A pre-audit questionnaire regarding details of the organisation of clinical coding services in the UHB is completed by the Clinical Coding Manager prior to the site visit.
A list of Finished Consultant Episodes (FCEs) is randomly generated from the Patient Episode Database for Wales (PEDW) – the national database of Admitted Patient Care dataset activity. PEDW is managed and maintained by Digital Health and Care Wales (DHCW).
The episodes audited are limited to an episode length of ten days or less.
Staff at the Health Board are required to provide the auditors with access to the written case note records associated with the requested FCEs.
The locally assigned classification codes are audited against national clinical coding standards using the information available in the patients’ case notes and relevant electronic systems.
Attention is also paid to the quality of patient case notes documentation being used by the coders and auditors, in order to assess their impact on the assignment of codes.
The clinical coding record for each episode is generated from the Health Board’s clinical coding encoder software and a copy attached to the relevant set of case notes.
The auditors then assess the locally coded data against the National Clinical Coding Standards and the Welsh Clinical Coding Standards using ICD-10 and OPCS 4.9 classifications. The audit is carried out according to the current NHS Digital audit methodology.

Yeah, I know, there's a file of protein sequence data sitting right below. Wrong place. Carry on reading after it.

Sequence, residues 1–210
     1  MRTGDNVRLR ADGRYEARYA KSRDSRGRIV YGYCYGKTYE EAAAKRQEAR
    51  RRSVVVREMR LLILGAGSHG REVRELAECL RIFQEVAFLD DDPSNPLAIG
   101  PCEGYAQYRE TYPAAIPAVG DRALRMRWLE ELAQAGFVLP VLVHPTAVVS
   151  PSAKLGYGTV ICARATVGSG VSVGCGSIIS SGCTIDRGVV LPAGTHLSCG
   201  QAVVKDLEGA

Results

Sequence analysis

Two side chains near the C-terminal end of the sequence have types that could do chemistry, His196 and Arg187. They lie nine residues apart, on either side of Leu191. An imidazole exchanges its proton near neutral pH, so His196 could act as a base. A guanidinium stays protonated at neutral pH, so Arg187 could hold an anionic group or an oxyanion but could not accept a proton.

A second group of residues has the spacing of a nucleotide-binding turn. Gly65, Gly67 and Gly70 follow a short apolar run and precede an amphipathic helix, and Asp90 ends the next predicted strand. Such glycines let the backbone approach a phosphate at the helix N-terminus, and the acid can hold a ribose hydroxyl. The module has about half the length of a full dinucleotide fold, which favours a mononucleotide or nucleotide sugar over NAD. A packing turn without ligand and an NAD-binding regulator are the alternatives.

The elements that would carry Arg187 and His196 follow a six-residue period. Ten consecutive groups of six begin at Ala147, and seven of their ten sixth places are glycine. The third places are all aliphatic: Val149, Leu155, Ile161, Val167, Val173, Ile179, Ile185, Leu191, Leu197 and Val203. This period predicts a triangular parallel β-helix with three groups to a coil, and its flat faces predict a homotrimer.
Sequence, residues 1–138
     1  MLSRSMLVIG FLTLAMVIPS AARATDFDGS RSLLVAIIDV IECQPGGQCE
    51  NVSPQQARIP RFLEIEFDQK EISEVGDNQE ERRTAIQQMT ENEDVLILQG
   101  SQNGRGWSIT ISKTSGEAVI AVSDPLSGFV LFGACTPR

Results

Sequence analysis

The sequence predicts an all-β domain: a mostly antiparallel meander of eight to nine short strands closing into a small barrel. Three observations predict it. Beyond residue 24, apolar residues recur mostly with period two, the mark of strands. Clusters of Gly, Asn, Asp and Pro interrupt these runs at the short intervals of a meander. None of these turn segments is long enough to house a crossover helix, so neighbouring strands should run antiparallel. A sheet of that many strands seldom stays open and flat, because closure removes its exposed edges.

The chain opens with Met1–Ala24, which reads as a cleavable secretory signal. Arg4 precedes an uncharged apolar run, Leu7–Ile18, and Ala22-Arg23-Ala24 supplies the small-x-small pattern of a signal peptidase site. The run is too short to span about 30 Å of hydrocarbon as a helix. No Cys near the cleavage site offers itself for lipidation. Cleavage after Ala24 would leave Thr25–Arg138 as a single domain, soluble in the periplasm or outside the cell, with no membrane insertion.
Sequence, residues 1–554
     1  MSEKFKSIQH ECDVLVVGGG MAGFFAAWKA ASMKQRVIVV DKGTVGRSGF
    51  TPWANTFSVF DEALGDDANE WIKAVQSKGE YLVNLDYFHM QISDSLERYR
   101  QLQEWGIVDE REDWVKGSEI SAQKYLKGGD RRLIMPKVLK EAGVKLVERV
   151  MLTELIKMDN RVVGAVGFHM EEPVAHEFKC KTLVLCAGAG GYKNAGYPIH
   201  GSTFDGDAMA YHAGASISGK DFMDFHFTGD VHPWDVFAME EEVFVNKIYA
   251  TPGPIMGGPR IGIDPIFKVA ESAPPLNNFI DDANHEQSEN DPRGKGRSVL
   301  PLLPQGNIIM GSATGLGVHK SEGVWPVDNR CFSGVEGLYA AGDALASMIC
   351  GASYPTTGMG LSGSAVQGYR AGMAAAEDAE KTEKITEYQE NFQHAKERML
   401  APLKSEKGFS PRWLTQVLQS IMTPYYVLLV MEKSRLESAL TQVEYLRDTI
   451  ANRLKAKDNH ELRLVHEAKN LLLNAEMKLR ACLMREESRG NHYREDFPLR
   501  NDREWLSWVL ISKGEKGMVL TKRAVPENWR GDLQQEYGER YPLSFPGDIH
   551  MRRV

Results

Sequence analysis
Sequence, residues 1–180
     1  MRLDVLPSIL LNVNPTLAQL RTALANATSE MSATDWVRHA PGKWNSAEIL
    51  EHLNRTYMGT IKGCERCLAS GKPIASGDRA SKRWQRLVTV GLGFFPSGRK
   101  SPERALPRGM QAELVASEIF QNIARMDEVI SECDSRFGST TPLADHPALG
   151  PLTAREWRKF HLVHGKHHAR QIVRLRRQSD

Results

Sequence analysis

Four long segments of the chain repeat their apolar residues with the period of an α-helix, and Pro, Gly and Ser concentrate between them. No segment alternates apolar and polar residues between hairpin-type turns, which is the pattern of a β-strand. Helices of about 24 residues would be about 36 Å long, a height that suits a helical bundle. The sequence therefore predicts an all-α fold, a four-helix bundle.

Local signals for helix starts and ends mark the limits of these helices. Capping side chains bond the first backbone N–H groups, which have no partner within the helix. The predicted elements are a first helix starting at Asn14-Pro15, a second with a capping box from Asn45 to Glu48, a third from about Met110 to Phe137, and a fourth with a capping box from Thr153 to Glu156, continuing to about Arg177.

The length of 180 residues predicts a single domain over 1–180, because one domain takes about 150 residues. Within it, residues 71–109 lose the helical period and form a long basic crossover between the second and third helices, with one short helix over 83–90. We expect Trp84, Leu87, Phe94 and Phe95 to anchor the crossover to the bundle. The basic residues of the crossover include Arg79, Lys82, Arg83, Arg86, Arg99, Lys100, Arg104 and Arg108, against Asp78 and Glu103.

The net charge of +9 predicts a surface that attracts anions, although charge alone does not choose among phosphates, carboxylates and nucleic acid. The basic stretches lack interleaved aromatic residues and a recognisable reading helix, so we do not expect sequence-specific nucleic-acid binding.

Codes are audited as one of 4 types:
Primary Diagnosis codes (i.e. the main condition treated);
Secondary Diagnosis codes (including External Cause Codes and Morphology Codes);
Primary Procedure codes;
Secondary Procedure codes (including Chapter Z site codes).
Any errors are assigned to an Error Type according to the current NHS Digital audit methodology, which specifies the exact nature of the error. This information is then tabulated to calculate the statistical information required.
The errors are of two general types – non-coder errors and coder errors. Non-coder errors are those errors identified as being due to a factor external to the individual coder, such as an encoder system which automatically re-sequences codes, or a local coding policy which instructs the coder to assign codes in a way which contravenes national standards. Coder errors are errors in the coding made by the coder themselves.
For statistical reasons, and due to the discretion required in determining the relevance of a code to an episode, those error types where coding staff have assigned more codes than the auditor deems relevant (i.e. ‘over-coding’) are not counted as errors when calculating the error percentages. However, the numbers of these errors are reported and examples given for information and training purposes.
The recommended minimum percentage of correct codes are:
90% for Primary Diagnosis and Primary Procedure
80% for Secondary Diagnosis and Secondary Procedures
The Accredited Clinical Coding (ACC) exam also stipulates a minimum requirement of 90% accuracy for all clinical coding staff sitting the National Clinical Coding Qualification (NCCQ) exam. Furthermore, the above targets are consistent with the requirements set out in the NHS England Information Governance Toolkit requirement 505 (attainment level 2) and audits of coded data carried out by NCS auditors on clinical coding staff in NHS England.
Case notes which do not contain the episode to be audited are marked as ‘Unsafe To Audit’ (UTA), removed from the sample, and replaced.